# Python Recursion

#### Recursion

Python also accepts function recursion, which means a defined function can call itself.

Recursion is a common mathematical and programming concept. It means that a function calls itself. This has the benefit of meaning that you can loop through data to reach a result.

The developer should be very careful with recursion as it can be quite easy to slip into writing a function which never terminates, or one that uses excess amounts of memory or processor power. However, when written correctly recursion can be a very efficient and mathematically-elegant approach to programming.

In this example, tri_recursion() is a function that we have defined to call itself ("recurse"). We use the k variable as the data, which decrements (-1) every time we recurse. The recursion ends when the condition is not greater than 0 (i.e. when it is 0).

To a new developer it can take some time to work out how exactly this works, best way to find out is by testing and modifying it.

#### Example

Recursion Example

``` ```
def tri_recursion(k):

if(k&gt;0):

result = k+tri_recursion(k-1)

print(result)

else:

result = 0

return result

print("\n\nRecursion Example Results")

tri_recursion(6)

``````

#### Recursion in Python

The term Recursion can be defined as the process of defining something in terms of itself. In simple words, it is a process in which a function calls itself directly or indirectly.

Syntax:

``` ```
def func(): Example 1:A Fibonacci sequence is the integer sequence of 0, 1, 1, 2, 3, 5, 8....# Program to print the fibonacci series upto n_terms  # Recursive functiondef recursive_fibonacci(n):   if n &lt;= 1:       return n   else:       return(recursive_fibonacci(n-1) + recursive_fibonacci(n-2))   n_terms = 10   # check if the number of terms is validif n_terms &lt;= 0:   print("Invalid input ! Please input a positive value")else:   print("Fibonacci series:")   for i in range(n_terms):       print(recursive_fibonacci(i))Output:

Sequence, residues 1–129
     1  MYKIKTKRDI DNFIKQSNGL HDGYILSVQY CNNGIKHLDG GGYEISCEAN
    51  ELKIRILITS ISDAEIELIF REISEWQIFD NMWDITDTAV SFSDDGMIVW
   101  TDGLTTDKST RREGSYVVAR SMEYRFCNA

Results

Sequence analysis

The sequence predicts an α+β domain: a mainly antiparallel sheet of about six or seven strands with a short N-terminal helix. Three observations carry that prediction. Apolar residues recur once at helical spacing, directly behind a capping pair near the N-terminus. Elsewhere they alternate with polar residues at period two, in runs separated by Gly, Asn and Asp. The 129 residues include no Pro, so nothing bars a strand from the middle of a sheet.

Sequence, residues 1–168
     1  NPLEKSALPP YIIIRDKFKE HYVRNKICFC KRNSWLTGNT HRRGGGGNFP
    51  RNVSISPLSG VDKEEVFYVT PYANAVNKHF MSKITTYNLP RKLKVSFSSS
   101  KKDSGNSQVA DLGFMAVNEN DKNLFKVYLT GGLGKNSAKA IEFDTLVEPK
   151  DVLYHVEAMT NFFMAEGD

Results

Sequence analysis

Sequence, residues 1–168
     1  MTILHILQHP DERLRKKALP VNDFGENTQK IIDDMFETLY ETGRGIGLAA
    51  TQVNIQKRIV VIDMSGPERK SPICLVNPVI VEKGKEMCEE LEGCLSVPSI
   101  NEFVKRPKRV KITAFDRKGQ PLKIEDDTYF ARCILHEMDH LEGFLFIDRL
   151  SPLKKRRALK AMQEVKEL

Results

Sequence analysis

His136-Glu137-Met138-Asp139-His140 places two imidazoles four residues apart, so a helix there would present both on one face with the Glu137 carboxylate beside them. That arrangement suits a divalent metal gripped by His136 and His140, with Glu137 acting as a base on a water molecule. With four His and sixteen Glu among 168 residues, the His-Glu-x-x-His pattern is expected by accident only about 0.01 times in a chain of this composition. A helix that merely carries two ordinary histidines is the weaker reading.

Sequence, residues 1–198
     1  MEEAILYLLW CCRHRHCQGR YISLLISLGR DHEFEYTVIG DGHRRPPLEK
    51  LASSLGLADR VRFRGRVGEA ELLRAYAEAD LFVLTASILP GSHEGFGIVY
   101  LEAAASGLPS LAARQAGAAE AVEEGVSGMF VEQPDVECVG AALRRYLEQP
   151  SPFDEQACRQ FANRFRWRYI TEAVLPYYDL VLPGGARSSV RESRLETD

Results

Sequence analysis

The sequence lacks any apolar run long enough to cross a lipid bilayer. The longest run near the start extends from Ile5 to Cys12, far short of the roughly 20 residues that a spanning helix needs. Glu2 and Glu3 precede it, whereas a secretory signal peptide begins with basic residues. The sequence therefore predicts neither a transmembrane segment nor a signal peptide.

Fibonacci series:
0
1
1
2
3
5
8
13
21
34
Example 2:The factorial of 6 is denoted as 6! = 1*2*3*4*5*6 = 720.# Program to print factorial of a number # recursively.  # Recursive functiondef recursive_factorial(n):     if n == 1:         return n     else:         return n * recursive_factorial(n-1)    # user inputnum = 6  # check if the input is valid or notif num &lt; 0:     print("Invalid input ! Please enter a positive number.")  elif num == 0:     print("Factorial of number 0 is 1")  else:     print("Factorial of number", num, "=", recursive_factorial(num)) Output:Factorial of number 6 = 720What is Tail-Recursion?A unique type of recursion where the last procedure of a function is a recursive call. The recursion may be automated away by performing the request in the current stack frame and returning the output instead of generating a new stack frame. The tail-recursion may be optimized by the compiler which makes it better than non-tail recursive functions.Is it possible to optimize a program by making use of a tail-recursive function instead of non-tail recursive function?Considering the function given below in order to calculate the factorial of n, we can observe that the function looks like a tail-recursive at first but it is a non-tail-recursive function. If we observe closely, we can see that the value returned by Recur_facto(n-1) is used in Recur_facto(n), so the call to Recur_facto(n-1) is not the last thing done by Recur_facto(n).# Program to calculate factorial of a number# using a Non-Tail-Recursive function.   # non-tail recursive functiondef Recur_facto(n):         if (n == 0):         return 1        return n * Recur_facto(n-1)     # print the resultprint(Recur_facto(6))Output:720We can write the given function Recur_facto as a tail-recursive function. The idea is to use one more argument and in the second argument, we accommodate the value of the factorial. When n reaches 0, return the final value of the factorial of the desired number.# Program to calculate factorial of a number# using a Tail-Recursive function.  # A tail recursive function def Recur_facto(n, a = 1):         if (n == 0):         return a         return Recur_facto(n - 1, n * a)     # print the resultprint(Recur_facto(6))Output:720 Attention geek! Strengthen your foundations with the Python Programming Foundation Course and learn the basics.  To begin with, your interview preparations Enhance your Data Structures concepts with the Python DS Course. And to begin with your Machine Learning Journey, join the Machine Learning - Basic Level CourseMy Personal Notes
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